Why the interest in hydrogen?

21st March 2019 · John Soderbaum

ACIL Allen has a long history of work on hydrogen. In 2003 we prepared a report entitled the National Hydrogen Study. This report marked the period when hydrogen last enjoyed some attention in Australia.  However, Australia’s interest in hydrogen waned considerably in the years that followed.  But this all changed again in 2018 when COAG agreed to the Chief Scientist’s proposal that Australia should prepare a National Hydrogen Strategy.

We believe that increased strategic long-term thinking on energy is a good way to help ensure that the community and industry are well equipped to manage the decarbonisation of the Australian economy.  Indeed, developing a National Hydrogen Strategy was one of the recommendations of the National Hydrogen Study in 2003.

So why, after so many years, has there been a renewed upsurge in interest in hydrogen? There are several developments that have combined to cause governments to again focus their attention on hydrogen.  These include:

  • The growing urgency to address climate change by reducing greenhouse gas emissions. This is providing ‘demand push’ as zero emissions hydrogen is regarded as an important means of reducing emissions.
  • The large and growing investment in hydrogen end use technologies. This is creating ‘demand pull’ for hydrogen.
  • The significant investment in identifying reliable and sustainable hydrogen supply chains. Again, this is creating ‘demand push’.
  • All the above is occurring at a time when new technologies are being developed and deployed that can put downwards pressure on the cost of producing, storing, transporting and using hydrogen. This will in turn help to increase the commercial viability of hydrogen.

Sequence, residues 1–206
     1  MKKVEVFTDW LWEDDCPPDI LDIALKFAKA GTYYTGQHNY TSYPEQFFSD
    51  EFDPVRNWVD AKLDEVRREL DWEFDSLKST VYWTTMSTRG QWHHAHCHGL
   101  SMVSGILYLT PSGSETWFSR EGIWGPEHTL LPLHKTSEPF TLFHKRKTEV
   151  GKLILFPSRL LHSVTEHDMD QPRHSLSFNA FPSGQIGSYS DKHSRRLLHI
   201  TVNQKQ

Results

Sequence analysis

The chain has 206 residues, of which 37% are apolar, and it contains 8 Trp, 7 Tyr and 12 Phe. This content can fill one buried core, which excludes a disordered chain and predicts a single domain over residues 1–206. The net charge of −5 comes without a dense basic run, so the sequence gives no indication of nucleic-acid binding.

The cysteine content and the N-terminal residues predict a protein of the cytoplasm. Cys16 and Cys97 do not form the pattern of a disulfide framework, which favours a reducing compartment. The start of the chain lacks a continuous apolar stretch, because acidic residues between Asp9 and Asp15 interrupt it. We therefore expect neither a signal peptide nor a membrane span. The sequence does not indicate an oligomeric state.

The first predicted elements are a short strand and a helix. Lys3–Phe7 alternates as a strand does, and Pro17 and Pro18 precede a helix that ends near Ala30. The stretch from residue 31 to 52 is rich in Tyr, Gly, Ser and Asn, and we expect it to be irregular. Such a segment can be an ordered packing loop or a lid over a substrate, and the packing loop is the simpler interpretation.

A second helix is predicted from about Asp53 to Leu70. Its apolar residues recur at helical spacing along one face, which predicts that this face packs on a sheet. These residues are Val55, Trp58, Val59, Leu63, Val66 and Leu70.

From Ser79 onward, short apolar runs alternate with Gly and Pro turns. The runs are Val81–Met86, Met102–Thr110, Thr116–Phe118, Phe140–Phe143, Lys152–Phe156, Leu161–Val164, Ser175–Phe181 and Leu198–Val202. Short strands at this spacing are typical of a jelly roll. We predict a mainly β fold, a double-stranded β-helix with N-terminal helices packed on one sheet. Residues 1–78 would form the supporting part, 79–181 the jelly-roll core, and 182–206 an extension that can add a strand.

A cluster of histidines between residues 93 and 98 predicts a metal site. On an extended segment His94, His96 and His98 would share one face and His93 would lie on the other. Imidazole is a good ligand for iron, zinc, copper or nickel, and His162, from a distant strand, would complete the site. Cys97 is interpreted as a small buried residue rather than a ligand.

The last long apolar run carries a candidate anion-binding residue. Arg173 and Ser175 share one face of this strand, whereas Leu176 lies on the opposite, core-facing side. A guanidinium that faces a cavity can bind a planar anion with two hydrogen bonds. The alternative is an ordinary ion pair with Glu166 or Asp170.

The emergence of the potential for Australia to export hydrogen has also been a significant development. Our 2018 report for ARENA (Opportunities for Australia from Hydrogen Exports) highlighted the opportunities for Australia to export hydrogen to many of the countries that currently import fossil fuels from us. Importantly, such exports could help to offset any decline in our conventional energy exports that may emerge as the world increasingly seeks to decarbonise energy production and use. Another report, the South Australian Green Hydrogen Study, concluded that not only were there opportunities to export niche products now, but that demand for hydrogen from Japan and South Korea could help create a significant new industry in South Australia. An industry that could leverage existing manufacturing, engineering and project delivery capabilities.

The Chief Scientist’s office recently released its first Discussion Paper as part of the process for developing the National Hydrogen Strategy.  The Discussion Paper has a list of eleven key policy questions that public feedback is sought on (submissions close on 28 March). However, this is only the first stage in the process.  There will be more consultations and further discussion papers released for stakeholder comment in coming months.

The National Hydrogen Strategy is likely to help drive the emergence of a new group of industries. At the same time, there may be another group of industries that will see their markets decline. New and existing firms would obviously prefer to be included in the first group. Those in the second group should be planning for how they will manage the transition to a lower carbon society.   We stand ready to assist our clients in either of these tasks and to support any contribution they wish to make to the preparation of Australia’s National Hydrogen Strategy.